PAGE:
Making the move to VoIP can be expensive, but users say the flexibility and additional features are worth it
From the parking lot, staffers using VoIP phones were able to reprogram calls coming into the switchboard to go directly to their VoIP phones. As a result, during that half-hour, BCG employees continued to answer calls and clients were none the wiser.
BCG is amid a raft of new enterprise VoIP customers. In early February, the Social Security Administration's core VoIP network was completed. The new system is expected to become one of the largest enterprise VoIP deployments in the world, and is already supporting more than 125 offices and more than 33,500 calls daily.
VoIP technology is certainly not new, but it has matured to the point that there are more applications to help reap significant cost benefits and efficiencies. "This is not about 'here's a new way to make a phone call,' but a new way to communicate,'' observes Bob Hafner, a managing vice president at Gartner Inc. "I'm telling customers they have to move forward with IP technology" since companies that unify communications with business processes over the long term -- merging voice with data, in other words -- will "absolutely" see costs go down.
Not that businesses will soon have much of a choice. Hafner says there isn't one voice vendor that is still doing research and development on TDM (time-division multiplex), the analog technology found inside traditional PBXs.
For its part, BCG also had loftier goals. Officials wanted the ability to monitor calls to determine whether questions were being answered correctly about investment products and that customers were being spoken to in an appropriate manner. But the retirement plan and consulting firm knew it couldn't get such information from its traditional phone system. And company officials had grown weary of the long response times and mediocre service they experienced when their phone system needed repair.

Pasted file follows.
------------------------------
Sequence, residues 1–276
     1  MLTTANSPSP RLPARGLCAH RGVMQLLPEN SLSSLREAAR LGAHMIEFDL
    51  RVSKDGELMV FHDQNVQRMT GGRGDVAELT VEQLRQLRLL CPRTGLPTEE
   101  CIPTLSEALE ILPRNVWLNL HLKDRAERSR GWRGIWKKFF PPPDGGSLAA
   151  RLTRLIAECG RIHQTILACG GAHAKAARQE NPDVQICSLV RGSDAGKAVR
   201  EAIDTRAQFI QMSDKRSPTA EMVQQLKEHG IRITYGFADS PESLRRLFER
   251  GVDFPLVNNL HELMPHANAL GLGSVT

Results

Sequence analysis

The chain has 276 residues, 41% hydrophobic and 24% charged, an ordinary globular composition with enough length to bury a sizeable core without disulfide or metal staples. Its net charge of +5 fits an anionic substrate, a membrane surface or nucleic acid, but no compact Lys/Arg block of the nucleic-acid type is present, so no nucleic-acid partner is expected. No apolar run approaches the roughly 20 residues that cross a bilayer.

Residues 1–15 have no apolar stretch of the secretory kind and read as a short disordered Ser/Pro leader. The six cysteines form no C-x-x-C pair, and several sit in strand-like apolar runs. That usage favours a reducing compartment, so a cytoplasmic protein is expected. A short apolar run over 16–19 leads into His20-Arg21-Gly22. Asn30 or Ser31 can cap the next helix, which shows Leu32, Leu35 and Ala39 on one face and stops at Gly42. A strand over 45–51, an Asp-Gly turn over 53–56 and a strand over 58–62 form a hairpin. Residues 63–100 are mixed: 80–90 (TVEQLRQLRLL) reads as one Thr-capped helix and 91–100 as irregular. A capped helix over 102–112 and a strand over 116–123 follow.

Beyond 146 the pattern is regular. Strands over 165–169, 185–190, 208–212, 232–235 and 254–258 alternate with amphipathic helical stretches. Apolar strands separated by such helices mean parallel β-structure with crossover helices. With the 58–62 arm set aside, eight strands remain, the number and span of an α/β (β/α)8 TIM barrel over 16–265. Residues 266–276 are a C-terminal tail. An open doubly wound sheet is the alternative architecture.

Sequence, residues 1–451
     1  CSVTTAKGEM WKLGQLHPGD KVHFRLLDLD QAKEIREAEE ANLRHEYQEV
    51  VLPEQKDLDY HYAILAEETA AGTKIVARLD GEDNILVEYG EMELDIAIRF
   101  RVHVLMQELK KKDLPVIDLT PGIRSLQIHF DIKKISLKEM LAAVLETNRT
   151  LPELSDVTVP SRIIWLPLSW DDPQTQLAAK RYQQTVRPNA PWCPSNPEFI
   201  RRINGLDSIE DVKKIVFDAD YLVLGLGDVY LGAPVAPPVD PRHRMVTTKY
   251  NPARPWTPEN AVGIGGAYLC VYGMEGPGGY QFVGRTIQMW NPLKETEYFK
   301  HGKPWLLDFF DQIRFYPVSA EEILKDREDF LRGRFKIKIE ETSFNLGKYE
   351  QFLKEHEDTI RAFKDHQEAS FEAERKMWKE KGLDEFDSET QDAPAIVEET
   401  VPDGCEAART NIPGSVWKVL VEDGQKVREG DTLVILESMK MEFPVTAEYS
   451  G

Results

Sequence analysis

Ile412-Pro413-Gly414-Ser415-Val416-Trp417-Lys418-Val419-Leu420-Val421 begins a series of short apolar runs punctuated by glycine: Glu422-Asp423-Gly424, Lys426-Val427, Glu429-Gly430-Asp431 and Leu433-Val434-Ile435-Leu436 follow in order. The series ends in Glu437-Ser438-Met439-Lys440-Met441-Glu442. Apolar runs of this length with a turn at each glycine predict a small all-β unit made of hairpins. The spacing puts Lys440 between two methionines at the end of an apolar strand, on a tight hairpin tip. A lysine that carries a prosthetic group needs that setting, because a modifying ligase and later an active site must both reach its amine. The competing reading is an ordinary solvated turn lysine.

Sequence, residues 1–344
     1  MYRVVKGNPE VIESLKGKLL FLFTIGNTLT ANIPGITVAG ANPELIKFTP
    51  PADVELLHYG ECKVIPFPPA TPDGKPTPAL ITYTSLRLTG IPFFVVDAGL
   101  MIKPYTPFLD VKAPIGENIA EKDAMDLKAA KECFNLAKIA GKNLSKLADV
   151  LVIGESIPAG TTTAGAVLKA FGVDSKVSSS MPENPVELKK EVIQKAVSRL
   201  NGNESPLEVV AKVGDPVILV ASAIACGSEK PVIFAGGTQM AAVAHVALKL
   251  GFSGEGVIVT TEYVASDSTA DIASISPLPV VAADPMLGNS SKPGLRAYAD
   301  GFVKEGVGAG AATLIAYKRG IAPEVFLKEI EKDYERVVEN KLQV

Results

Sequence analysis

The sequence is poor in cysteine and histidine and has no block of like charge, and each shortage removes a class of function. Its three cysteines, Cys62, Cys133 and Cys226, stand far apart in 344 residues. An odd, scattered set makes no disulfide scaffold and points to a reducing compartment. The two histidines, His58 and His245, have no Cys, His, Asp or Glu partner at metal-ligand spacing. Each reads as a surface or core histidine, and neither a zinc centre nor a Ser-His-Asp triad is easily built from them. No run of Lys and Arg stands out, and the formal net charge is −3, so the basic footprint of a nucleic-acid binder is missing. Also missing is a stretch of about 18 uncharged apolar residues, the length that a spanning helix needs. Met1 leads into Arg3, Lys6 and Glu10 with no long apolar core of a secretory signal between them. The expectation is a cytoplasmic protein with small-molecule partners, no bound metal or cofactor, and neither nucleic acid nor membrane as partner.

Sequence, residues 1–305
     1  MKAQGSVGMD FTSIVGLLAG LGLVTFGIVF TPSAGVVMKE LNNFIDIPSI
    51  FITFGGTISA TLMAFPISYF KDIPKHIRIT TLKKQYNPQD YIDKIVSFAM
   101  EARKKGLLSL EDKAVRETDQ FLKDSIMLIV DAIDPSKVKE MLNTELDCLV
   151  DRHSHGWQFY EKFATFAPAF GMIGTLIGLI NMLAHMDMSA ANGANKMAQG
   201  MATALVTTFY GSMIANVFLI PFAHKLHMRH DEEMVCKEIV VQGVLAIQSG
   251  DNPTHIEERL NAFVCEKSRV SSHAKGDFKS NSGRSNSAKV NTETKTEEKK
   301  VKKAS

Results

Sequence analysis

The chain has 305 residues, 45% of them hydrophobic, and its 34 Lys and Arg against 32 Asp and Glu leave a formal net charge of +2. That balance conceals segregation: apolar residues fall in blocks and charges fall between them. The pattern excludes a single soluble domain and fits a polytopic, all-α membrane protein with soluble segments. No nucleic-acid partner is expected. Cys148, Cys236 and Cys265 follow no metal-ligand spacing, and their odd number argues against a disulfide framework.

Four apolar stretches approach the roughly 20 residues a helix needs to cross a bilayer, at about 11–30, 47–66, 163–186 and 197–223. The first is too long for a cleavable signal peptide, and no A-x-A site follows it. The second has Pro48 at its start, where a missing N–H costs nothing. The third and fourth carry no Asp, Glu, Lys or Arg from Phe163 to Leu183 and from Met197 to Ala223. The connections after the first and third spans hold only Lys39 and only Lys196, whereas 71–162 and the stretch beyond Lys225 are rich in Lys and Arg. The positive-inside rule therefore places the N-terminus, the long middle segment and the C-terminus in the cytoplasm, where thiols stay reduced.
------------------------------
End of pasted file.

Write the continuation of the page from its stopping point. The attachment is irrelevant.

"We were pretty upset with our [former] phone system in that there was a lot of downtime and the time it took to get someone to repair it and bring it back up was getting longer,'' says BCG CEO Robert Paglione. "Someone had to come here to fix [the system] and when they'd come they'd point fingers at someone else and ... there was a lot of going back and forth. In our business we can't have down time."
So the Delran, N.J.-based BCG opted to completely do away with regular phone lines and instead has switched over to VoIP phones. BCG is using hosted VoIP software from BroadWorks Inc., which gives it the ability to capture real-time data and generate reports as well as seamlessly transfer calls anywhere an employee is located.